Once there was, and was not, a castle by the sea.
On the roof, there was a statue of a young woman, carved in blue stone.
Far below, a young castle guard stood on the ground, looking up at the statue.
She never moved, but she moaned.
When a bird landed beside the statue, she came to life,
and flew away with the bird.
The young guard saw her fly, but he was afraid to tell anyone,
because he imagined that people would call him a liar,
or think he was crazy.
So the blue girl was free to fly,
and live as a bird.
Every time she landed on the castle roof,
the young guard looked up,
and wished he could go with her.
One day, he did.
Now, the tale is over.
About the Author: Margarita Engle is a botanist and the Cuban–American author of three books about the island, most recently The Poet Slave of Cuba, a Biography of Juan Francisco Manzano (Henry Holt & Co, 2006), currently nominated as an American Library Association Best Book for Young Adults. Short works appear in a wide variety of journals, including previous issues of the Journal of Mythic Arts. Current honors include a Pushcart Prize nomination, and semi–finalist selection for the Nimrod/Hardman Pablo Neruda Prize for Poetry. Margarita lives in California, where she enjoys hiking and helping her husband with his volunteer work for wilderness search and rescue dog training programs.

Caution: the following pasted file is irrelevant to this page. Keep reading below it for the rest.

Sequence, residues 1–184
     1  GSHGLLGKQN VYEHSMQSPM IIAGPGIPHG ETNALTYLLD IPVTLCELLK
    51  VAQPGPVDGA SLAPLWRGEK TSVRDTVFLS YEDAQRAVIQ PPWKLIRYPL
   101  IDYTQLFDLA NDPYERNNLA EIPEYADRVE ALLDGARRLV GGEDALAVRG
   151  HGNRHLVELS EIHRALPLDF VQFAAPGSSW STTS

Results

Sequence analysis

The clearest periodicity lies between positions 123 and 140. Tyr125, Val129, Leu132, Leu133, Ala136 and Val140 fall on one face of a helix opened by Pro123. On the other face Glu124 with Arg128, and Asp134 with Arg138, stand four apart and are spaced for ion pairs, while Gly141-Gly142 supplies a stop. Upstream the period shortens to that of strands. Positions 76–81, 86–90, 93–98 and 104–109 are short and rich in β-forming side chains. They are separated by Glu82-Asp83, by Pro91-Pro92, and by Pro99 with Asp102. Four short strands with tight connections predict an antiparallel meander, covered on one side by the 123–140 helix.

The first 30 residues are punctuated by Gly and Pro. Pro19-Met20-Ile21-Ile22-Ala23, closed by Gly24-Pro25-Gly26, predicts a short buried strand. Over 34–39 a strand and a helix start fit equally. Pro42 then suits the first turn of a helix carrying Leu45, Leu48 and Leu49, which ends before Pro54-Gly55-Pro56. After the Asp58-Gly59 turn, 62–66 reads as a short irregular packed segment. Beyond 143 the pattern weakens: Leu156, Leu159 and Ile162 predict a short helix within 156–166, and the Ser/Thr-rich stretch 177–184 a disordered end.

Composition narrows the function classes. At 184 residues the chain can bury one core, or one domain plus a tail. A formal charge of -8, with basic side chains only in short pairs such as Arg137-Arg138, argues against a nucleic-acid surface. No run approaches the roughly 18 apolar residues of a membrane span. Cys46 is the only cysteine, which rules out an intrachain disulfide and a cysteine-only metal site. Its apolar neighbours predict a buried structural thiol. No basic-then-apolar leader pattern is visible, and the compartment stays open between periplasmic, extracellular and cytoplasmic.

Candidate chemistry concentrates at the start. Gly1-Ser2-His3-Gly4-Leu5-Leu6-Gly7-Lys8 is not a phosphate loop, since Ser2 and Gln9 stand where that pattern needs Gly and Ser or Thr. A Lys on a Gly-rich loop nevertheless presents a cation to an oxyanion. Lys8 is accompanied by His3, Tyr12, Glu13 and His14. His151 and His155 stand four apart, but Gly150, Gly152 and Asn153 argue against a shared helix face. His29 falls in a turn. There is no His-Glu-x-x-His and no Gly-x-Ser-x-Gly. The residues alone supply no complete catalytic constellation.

"The Blue Girl" copyright © 2007 by Margarita Engle. This poem may not be reproduced in any form without the author's express written permission.